Boutique, multichannel creative agency & event planners | 612-382-9471|

Ann Plans

Event planner specializing in nonprofits | 651-308-9824 |


Venue available for virtual events | 612-342-2742 |

Auction Harmony

Virtual platform for auctions & galas | 612-605-7301 |


AV specialists & full-service event producers; studio space available | 952-929-2839 |

AV For You

AV equipment rental; studio space available | 952-500-8839 |

Brave New Workshop

Theater venue open for virtual events | 612-332-6620 |


AV equipment rental; studio available | 612-627-9080 |


Live & virtual event production & AV services; studio space available | 763-843-7371 |

Earle Brown Heritage Center

Venue available for virtual events | 763-569-6300 |

Performative experience design for modern events | 612-695-1688 |

The Fillmore Minneapolis

Venue available for virtual events | 612-524-1901 |

Freestyle Productions

Full-service event production company; studio space available | 763-417-9575 |

Heroic Productions

Event technology services & production company; studio space available | 952-224-9591 |

Legacy Production Group

Corporate event production company & AV rental company | 612-568-1213 |

Mall of America Events

Venue spaces & AV production | 952-883-8809 |


Conference & event services company; virtual exhibitions; studio space available | 612-333-8687 |


Online event broadcasting service | 612-339-8255 |

Stage Time Productions

Full-service event management & production company for corporate meetings, gala fundraisers, & conferences | 763-360-7750 |

Treasure Island Resort & Casino

Venue spaces & AV production | 800-222-7077 |


Provider of web-based custom event management tools | 612-483-2606 |

Wendy Porter Events

Experiential events management agency (specializing in, but not limited to, health care events) |

Unlike in-person events, virtual events aren’t limited by geography or travel. TCB has compiled a list of talent with virtual event experience, both locally and across the country:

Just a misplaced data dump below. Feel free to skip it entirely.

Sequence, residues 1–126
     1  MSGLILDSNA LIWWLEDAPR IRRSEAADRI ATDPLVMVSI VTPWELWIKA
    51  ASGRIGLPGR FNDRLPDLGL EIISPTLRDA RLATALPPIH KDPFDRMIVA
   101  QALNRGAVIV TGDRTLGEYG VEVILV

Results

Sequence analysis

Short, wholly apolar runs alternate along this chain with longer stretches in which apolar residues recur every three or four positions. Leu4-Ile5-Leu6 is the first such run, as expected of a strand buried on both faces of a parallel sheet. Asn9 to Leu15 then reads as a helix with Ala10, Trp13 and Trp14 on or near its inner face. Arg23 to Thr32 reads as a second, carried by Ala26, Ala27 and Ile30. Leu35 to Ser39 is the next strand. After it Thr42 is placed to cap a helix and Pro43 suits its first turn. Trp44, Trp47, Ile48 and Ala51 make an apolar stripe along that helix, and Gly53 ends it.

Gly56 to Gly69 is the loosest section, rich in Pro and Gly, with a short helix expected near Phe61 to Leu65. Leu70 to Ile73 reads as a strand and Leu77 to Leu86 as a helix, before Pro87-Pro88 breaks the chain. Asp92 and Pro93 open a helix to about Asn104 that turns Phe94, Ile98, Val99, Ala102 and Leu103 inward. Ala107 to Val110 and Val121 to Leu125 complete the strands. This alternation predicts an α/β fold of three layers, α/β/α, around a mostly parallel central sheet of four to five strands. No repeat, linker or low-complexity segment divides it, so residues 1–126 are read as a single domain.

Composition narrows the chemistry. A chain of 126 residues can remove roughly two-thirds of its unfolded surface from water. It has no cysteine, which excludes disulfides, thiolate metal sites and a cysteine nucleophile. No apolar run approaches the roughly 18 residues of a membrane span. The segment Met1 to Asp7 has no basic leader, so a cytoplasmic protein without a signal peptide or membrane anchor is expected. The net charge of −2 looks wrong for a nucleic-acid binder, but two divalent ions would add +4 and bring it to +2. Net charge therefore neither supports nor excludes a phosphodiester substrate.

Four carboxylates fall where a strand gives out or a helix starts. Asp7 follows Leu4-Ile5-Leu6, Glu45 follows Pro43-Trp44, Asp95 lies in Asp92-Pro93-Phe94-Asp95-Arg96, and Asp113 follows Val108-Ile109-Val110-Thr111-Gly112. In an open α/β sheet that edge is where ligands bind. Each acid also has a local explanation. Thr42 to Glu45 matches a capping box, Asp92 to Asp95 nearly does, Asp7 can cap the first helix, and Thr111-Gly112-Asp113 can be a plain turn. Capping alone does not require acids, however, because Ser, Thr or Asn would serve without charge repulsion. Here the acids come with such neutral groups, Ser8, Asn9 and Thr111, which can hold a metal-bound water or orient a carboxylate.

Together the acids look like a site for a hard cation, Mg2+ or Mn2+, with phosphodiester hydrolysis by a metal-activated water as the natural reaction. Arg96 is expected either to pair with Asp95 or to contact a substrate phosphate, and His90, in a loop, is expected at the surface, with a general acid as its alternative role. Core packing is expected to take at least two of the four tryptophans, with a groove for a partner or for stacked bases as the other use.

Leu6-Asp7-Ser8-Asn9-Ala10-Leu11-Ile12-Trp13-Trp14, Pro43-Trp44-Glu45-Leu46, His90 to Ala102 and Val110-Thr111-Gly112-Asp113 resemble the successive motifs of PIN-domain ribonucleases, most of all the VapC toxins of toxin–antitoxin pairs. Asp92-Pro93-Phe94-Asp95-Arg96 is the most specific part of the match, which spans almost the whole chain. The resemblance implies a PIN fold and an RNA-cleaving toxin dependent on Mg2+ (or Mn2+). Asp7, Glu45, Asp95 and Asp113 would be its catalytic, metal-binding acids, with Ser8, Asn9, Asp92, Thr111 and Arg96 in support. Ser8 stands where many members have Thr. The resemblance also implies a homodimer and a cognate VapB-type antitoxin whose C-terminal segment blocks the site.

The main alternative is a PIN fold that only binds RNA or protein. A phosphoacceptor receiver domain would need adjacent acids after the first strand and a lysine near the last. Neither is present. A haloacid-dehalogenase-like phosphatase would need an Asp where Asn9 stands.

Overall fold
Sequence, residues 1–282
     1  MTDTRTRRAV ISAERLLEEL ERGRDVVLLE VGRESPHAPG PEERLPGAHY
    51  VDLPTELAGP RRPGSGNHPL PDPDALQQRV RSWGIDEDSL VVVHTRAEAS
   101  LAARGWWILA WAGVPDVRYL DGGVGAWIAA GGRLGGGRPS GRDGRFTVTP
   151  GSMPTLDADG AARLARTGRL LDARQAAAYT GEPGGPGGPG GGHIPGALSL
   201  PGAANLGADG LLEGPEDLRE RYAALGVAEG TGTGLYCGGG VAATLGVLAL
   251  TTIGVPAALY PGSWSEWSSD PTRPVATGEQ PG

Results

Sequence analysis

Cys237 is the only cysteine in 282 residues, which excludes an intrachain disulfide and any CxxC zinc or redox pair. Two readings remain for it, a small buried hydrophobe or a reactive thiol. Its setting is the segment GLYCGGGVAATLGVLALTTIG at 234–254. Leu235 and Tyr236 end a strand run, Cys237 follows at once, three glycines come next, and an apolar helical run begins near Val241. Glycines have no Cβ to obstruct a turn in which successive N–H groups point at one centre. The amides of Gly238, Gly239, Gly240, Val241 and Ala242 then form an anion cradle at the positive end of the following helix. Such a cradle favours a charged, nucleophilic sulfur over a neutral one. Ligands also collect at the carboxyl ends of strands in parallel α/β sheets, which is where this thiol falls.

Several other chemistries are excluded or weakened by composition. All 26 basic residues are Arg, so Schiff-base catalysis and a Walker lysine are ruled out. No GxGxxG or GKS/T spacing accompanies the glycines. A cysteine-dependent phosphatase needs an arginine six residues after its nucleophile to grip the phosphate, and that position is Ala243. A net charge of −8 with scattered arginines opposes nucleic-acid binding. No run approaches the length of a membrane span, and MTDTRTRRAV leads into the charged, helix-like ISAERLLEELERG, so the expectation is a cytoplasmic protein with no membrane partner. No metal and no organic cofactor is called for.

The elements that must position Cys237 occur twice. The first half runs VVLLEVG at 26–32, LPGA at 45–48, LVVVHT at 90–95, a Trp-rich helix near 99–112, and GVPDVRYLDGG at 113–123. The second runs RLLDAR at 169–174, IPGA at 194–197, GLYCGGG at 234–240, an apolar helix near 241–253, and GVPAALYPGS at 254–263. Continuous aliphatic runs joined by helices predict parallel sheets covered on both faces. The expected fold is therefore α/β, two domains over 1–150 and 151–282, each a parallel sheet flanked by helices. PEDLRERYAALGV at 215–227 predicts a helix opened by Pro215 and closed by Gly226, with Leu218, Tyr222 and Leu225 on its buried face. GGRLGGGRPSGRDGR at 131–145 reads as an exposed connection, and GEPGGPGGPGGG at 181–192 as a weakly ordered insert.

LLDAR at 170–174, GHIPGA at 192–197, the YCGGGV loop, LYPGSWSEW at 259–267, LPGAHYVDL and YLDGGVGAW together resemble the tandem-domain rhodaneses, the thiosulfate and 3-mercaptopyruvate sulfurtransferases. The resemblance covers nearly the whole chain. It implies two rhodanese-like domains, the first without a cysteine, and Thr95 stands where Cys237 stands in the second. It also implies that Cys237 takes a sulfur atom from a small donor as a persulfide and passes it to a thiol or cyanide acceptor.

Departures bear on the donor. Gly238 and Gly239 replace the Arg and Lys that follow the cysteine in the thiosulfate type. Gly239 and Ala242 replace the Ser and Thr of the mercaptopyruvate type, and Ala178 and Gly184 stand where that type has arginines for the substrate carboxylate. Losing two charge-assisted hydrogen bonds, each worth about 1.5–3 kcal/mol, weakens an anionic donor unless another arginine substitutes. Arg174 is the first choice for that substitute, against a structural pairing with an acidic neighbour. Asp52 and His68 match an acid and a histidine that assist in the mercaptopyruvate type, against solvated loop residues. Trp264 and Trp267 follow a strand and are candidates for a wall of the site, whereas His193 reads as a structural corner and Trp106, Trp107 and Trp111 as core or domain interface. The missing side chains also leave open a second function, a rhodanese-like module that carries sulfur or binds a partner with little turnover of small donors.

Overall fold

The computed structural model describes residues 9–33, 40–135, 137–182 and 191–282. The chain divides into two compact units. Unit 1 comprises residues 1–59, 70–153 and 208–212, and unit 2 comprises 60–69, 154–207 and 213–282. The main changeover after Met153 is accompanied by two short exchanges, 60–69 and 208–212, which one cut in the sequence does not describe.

A Proper Pour

Cocktail-making classes | Minneapolis | 571-262-1762 | |

Elena Imaretska

Keynote speaker | Minneapolis | 612-322-6620 | |

Equal Parts Cocktail Co.

Cocktail-making classes | Minneapolis | 612-345-8116 | |

Ian Rans

Comedian, Trivia Host, & Entertainer | Minneapolis | 612-354-3297 | |

Jason Hewlett

Keynote speaker & leadership expert | Salt Lake City, Utah | 801-674-3668 | |

Jenni Lilledahl

Keynote speaker | Minneapolis | 612-322-6620 | |

John Cosgrove

Emcee & Trivia Host | Minneapolis | 612-361-6002 | |

John Sweeney

Comedian & keynote speaker | Minneapolis | 612-322-6620 | |

Justin Willman

Magician, comedian, & entertainer | Los Angeles, California | 310-273-8151 | |

Margi Simmons

Keynote speaker | Minneapolis | 612-322-6620 | |

Miral Kotb

Artist & entrepreneurial speaker | Los Angeles, California | 212-343-0956 | |

Nancy Lyons

Tech CEO & keynote speaker | Minneapolis | 612-746-1850 | |

Phil Hansen

Artist & keynote speaker | Chanhassen | 651-321-4996 | |

Ross Bernstein

Keynote speaker | Apple Valley | 952-683-1141 | |

Shawna Suckow

Keynote speaker | Eagan | 651-470-0066 | |

The Passing Zone

Jugglers, entertainers, & speakers | Los Angeles, California | 212-343-0956 | |

Vinh Giang

Magician & keynote speaker | Los Angeles, California, + Australia | |

This story appears in the Aug./Sept. 2020 issue with the title “More Tools in the Belt.”

Tess Allen is TCB’s associate editor.